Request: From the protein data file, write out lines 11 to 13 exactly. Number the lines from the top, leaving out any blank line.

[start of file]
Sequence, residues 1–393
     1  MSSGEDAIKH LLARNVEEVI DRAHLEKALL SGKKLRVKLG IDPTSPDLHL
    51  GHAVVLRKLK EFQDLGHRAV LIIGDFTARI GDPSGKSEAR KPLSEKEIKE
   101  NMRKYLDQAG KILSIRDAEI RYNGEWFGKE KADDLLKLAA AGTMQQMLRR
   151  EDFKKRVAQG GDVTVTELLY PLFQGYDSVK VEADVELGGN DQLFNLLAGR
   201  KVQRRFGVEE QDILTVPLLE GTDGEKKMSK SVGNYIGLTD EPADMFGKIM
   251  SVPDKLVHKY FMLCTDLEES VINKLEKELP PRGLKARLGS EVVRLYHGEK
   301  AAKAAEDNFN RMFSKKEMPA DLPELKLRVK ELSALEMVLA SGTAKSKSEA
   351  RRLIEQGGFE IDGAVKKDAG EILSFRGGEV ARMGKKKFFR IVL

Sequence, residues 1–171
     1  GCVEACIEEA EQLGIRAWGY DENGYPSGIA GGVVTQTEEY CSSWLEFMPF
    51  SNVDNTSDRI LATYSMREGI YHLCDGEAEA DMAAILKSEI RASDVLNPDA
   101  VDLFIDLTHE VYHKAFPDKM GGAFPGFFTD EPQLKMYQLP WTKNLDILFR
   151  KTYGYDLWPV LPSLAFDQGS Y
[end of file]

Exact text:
     1  GCVEACIEEA EQLGIRAWGY DENGYPSGIA GGVVTQTEEY CSSWLEFMPF
    51  SNVDNTSDRI LATYSMREGI YHLCDGEAEA DMAAILKSEI RASDVLNPDA
   101  VDLFIDLTHE VYHKAFPDKM GGAFPGFFTD EPQLKMYQLP WTKNLDILFR